Understanding Human Action: Social Explanation and the Vision of Social Science

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State University of New York Press, Jan 1, 1982 - Social Science - 226 pages
Is human behavior determined in accordance with causal laws available to scientists? Is science capable of making sense of human actions and social life? This book is a penetrating inquiry into the question of what social science is all about. In it, Michael A. Simon challenges the prevailing view with his thesis that the social sciences are sciences in name only, and are based upon the freedom and uniqueness of the human subjects of scientific explanation.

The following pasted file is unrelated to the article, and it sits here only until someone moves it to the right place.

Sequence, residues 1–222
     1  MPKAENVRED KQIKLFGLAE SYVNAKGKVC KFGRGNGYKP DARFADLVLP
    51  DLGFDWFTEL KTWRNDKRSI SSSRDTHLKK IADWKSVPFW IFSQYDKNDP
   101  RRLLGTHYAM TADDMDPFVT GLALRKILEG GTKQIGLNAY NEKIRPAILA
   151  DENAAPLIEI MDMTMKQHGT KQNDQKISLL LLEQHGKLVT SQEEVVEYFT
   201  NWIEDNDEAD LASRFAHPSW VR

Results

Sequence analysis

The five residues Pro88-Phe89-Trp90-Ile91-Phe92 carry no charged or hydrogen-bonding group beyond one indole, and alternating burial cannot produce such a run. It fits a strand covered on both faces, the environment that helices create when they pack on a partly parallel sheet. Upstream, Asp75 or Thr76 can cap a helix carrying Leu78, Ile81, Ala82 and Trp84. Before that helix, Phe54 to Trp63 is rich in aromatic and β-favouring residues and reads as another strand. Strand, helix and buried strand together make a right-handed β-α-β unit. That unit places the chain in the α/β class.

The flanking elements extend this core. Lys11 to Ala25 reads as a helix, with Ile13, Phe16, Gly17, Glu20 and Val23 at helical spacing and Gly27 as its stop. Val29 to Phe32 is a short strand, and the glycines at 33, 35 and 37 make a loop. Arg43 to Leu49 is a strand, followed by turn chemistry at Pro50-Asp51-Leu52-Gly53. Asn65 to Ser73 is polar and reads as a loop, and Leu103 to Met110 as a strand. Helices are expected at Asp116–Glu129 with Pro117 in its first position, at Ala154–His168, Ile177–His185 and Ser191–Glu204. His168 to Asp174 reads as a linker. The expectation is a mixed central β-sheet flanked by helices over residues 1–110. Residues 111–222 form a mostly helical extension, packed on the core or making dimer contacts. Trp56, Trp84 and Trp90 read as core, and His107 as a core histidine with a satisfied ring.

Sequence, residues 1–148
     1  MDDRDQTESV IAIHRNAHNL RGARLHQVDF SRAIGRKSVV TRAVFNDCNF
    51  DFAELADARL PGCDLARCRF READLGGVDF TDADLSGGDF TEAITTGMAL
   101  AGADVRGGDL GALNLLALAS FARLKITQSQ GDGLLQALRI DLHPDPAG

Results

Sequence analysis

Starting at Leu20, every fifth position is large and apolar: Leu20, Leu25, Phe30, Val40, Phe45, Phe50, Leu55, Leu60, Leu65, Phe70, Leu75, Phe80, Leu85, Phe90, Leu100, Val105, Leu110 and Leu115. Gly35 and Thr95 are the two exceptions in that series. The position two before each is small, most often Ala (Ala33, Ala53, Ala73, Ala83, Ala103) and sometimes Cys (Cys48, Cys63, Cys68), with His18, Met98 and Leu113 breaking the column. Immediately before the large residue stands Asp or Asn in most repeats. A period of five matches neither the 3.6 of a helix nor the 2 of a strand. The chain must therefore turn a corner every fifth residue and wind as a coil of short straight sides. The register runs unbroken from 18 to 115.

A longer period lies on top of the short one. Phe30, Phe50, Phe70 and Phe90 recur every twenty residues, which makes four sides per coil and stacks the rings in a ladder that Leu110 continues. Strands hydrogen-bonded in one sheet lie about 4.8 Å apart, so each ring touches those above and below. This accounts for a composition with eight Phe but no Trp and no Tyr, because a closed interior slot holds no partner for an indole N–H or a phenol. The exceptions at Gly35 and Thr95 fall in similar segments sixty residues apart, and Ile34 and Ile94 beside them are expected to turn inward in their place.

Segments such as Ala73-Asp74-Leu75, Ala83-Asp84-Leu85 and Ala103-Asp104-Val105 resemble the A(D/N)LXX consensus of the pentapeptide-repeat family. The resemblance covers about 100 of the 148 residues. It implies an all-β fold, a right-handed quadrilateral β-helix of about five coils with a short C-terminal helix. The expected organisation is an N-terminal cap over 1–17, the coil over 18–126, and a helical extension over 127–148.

Combining sound scholarship with clear, readable prose, Simon explains why freedom must be a primitive conception and indicates the conditions for human uniqueness. He offers a proposal for what the social sciences might become if researchers recognize that they are not scientists in the ordinary sense of the word.

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About the author (1982)

Michael A. Simon is Associate Professor of Philosophy at the State University of New York, Stony Brook.

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